SARAJEVO (Reuters) - Nationalists deeply divided over the future of Bosnia have extended their rule over the Balkan country, offering scant hope of genuine change to a political system designed to end a war but seen as ineffective in peace.
With a majority of votes from Sunday’s elections for national, regional and local representatives, the main nationalist parties from the Bosniak, Serb and Croat communities looked to have held on to power.
They include the SNSD of Bosnian Serb leader Milorad Dodik, who advocates Bosnia’s dissolution; the SDA of Bosniak leader Bakir Izetbegovic who wants a strong, unified state; and the Croat HDZ, which calls for splitting power even further to create a Croat entity within Bosnia.
The three blocs have dominated government in Bosnia for years, sharing power in an unwieldy system of ethnic quotas created by U.S. peace negotiators in Dayton, Ohio, to end the 1992-95 war.
They are so far apart on policy that limited Western efforts to encourage reform have frequently gone nowhere.
Anger over factory closures, joblessness and endemic corruption triggered an unprecedented spasm of civil unrest in February, fuelling talk of change. But little came of it.
Turnout was 54 percent, but as many as 10 percent of ballots cast were spoiled in protest. Both the SDA and HDZ increased their share of power, while Dodik’s SNSD lost the race for the Serb member of Bosnia’s largely ceremonial tripartite presidency. It held on to power in the country’s autonomous Serb Republic.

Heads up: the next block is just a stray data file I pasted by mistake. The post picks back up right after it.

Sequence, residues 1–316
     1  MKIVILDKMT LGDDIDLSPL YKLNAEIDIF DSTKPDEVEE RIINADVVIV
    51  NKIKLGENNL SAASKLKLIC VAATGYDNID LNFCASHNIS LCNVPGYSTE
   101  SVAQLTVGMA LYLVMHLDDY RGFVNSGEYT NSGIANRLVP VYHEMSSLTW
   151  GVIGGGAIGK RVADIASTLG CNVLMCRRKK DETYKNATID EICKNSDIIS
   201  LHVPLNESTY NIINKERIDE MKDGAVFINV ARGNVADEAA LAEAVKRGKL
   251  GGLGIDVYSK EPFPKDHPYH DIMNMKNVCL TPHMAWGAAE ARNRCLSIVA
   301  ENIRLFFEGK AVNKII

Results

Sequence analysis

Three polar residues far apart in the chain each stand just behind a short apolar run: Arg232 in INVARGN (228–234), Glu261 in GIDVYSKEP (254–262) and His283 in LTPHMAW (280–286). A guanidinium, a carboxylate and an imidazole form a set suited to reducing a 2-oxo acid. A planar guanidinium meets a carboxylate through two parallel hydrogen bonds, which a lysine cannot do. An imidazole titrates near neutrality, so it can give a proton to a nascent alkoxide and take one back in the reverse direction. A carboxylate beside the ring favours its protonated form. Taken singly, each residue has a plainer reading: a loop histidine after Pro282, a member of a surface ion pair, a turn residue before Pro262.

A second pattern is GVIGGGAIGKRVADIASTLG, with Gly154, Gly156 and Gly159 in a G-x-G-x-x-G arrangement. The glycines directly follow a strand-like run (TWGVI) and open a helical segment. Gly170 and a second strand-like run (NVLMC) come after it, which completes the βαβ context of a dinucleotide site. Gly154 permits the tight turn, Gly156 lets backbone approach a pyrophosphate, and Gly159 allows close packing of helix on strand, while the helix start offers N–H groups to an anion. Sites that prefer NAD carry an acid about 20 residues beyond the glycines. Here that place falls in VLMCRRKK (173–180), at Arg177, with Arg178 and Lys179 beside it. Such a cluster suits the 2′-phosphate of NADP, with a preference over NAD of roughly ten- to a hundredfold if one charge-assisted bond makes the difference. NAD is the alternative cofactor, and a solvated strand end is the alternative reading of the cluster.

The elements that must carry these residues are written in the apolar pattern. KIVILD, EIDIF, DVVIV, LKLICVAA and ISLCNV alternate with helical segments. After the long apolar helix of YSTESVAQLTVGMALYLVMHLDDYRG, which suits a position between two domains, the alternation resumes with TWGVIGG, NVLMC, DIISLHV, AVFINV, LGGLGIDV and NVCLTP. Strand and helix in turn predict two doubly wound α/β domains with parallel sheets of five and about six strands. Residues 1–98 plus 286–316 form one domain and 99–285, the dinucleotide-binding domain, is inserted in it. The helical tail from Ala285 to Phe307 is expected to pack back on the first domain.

All three command huge networks of political patronage through the power of public sector jobs, of which there are many given Bosnia’s highly decentralised system of power.
“I didn’t have much hope that anything would change, but I couldn’t dream that we would backtrack like this; it’s a disaster, Bosnia is going backwards,” said Sarajevan Emira Dusinovic.
It may yet take months for Bosnia’s six layers of government to take shape, more lost time for an economy already hit by devastating floods in May that inflicted damage totaling about 2 billion euros ($2.5 billion).
Some analysts fear a repeat of the February violence if the situation facing ordinary Bosnians does not improve. Observers highlighted the relatively high number of spoiled ballots.
“You can stay away; you can join the half of citizens who did not participate in the vote,” said Tiny Cox of the Council of Europe rights body.
“But if you take the time and trouble to go to the polling station, it also shows they do not have enough trust in the system, and that should be a signal for political parties and politicians.”
Organization for Security and Co-operation in Europe official Roberto Battelli said: “The lack of political will to move beyond the Dayton agreement prevents the country from moving away from the current inter-ethnic divides and towards real progress for the country.”
Writing by Matt Robinson Editing by Jeremy Gaunt